Day 23: Hue (pronounced Hway)

Saturday in Hue (pronounced “Hway”). It’s slightly above the normal amount of sweltering as there’s very little haze today so the sun’s almost fully out. If it ever DID actually came out, I imagine we’d all simultaneously burst into flames, demon-style. Scorchio. Done.

Hired a bike from my hostel for less than a pound and spent all morning pootling up and down the Perfume river to pagodas and other assorted Points Of Interest. The way you know that they’re points of interest is not because they’re pointy or – sometimes – interesting, but because they’re marked out on a badly-drawn map, and they’re teeming with tourists and people trying to sell stuff to tourists, such as embroidered conical hats and Lipton’s Lime iced tea. Tried to explain roller derby to a Vietnamese girl who kept smiling and saying “Yes, yes” even though she had no idea what I was talking about. Ate mostly in restaurants in the main backpacker area, or back at my hotel where they served cheap beer and even cheaper ice cream.

I’m staying at the Google Hotel, a 10 minute stroll to the backpacker area. The staff are friendly (I get high-fived every time I come back) and my upgraded room’s a dream, so long as the dream is of a neat double room with clean linen, antless walls and a warm shower. There’s even a mini fridge to keep my water cold, except that the electricity turns off to save energy when I leave my room. I like the idea, but maybe I like cold water on a hot day even more.

Cycle hire is cheap and a good way to get around, even if it means risking death by using the terrifying roads. The driving in SE Asia is entirely outside-the-box. There are rules, but they’re often deemed not to apply. You drive on the right, for example, but that’s unless it’s more convenient to drive on the left into oncoming traffic, or on the pavements into unsuspecting pedestrians. At traffic lights red means stop, obvs, but not if the road ahead is clear, or if you think you’ve got a chance of punching through the flow of traffic, or if you’re in a rush, or if you don’t really want to stop. Motorbikes drive 3 abreast in each lane which makes crossing the road a real adventure. There’s a knack to it: you’ve gotta be assertive, step out into the road, own your spot. The traffic parts to accommodate you, the red sea motorised and terrifying. But it DOES part. They may drive in crazy paving ways but also this driving style is normal and everyone’s used to it. They’re not over-fast or aggressive drivers like in Thailand or at home and they’re always ready to swerve out of the way should anything go amiss (unless they’re texting or cooing to the baby on their lap or chatting to their mate on the adjacent motorbike). I saw a tshirt in Hoi An that had traffic lights and the slogan “Green = I go. Amber = I go. Red = I still go.” Sums it up.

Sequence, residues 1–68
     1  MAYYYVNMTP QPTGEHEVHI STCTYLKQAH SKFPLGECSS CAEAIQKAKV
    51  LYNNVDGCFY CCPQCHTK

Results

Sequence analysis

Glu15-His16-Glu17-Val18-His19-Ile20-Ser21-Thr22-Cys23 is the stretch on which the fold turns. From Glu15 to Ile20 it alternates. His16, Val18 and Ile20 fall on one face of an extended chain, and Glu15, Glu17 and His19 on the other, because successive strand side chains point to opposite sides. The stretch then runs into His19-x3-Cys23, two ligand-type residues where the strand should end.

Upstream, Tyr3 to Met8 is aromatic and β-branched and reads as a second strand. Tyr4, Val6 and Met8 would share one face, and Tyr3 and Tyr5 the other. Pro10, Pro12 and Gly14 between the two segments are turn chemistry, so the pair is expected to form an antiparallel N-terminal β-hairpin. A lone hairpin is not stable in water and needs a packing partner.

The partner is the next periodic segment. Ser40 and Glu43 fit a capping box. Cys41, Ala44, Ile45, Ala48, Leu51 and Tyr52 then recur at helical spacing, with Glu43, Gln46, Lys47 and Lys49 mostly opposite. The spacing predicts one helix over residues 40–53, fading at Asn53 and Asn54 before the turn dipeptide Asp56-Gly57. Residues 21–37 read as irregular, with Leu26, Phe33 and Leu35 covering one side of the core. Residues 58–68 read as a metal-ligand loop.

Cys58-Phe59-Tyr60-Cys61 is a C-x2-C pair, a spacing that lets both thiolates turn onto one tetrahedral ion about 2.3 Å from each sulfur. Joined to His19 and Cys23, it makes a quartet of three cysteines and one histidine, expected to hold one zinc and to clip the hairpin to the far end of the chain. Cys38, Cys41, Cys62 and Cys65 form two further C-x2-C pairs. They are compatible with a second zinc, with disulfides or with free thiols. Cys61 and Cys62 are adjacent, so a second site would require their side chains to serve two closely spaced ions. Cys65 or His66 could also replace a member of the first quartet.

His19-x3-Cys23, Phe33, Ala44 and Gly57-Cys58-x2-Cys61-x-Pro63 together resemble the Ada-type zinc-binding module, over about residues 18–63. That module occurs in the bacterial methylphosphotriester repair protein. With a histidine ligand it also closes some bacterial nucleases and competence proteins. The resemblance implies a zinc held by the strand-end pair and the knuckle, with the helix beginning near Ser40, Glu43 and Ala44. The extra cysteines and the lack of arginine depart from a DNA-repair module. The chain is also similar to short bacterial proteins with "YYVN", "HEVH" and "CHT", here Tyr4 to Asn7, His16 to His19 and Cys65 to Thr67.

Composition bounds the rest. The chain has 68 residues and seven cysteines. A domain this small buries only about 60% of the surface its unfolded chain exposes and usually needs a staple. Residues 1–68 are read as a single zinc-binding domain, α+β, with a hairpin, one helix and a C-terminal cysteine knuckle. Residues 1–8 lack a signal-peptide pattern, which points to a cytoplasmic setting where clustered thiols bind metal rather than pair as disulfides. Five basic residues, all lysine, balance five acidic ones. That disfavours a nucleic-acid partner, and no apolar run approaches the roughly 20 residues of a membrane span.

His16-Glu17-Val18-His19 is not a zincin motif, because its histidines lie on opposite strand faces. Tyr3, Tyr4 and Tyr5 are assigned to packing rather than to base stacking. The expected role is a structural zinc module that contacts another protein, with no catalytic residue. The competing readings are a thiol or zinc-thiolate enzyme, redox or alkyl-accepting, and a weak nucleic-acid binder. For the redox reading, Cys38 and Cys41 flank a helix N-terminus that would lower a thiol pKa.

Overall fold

Hue (still pronounced Hway) has a lot to recommend it. It’s the honeymoon capital of Vietnam. It’s got a pretty river, a crumbling citadel and a buzzing night market that catera mostly for Vietnamese tourists. It also has Matthew, high-powered banking type with a flexible budget, a wheeled backpack and a taste for valium (you can buy it over the counter here, apparently). Matthew is concerned that his Clinique facewash will run out before he can replace it in Singapore, is troubled by the bastardisation of the English language, and can give you a step-by-step breakdown of your personality into Myers-Briggs categories at 20 paces. Makes for interesting conversation. And people-watching.

Hue was a nice place to be but for the traveller with time constraints, it’s a two-day kinda place. A city is a city is a city, right? The citadel – a walled complex of the remains of the old royal chambers – is interesting and atmospheric, but it only takes a day and us tight-on-time people can’t be hanging about, especially when we’ve got PHONG NHA FARMSTAY waiting for us!


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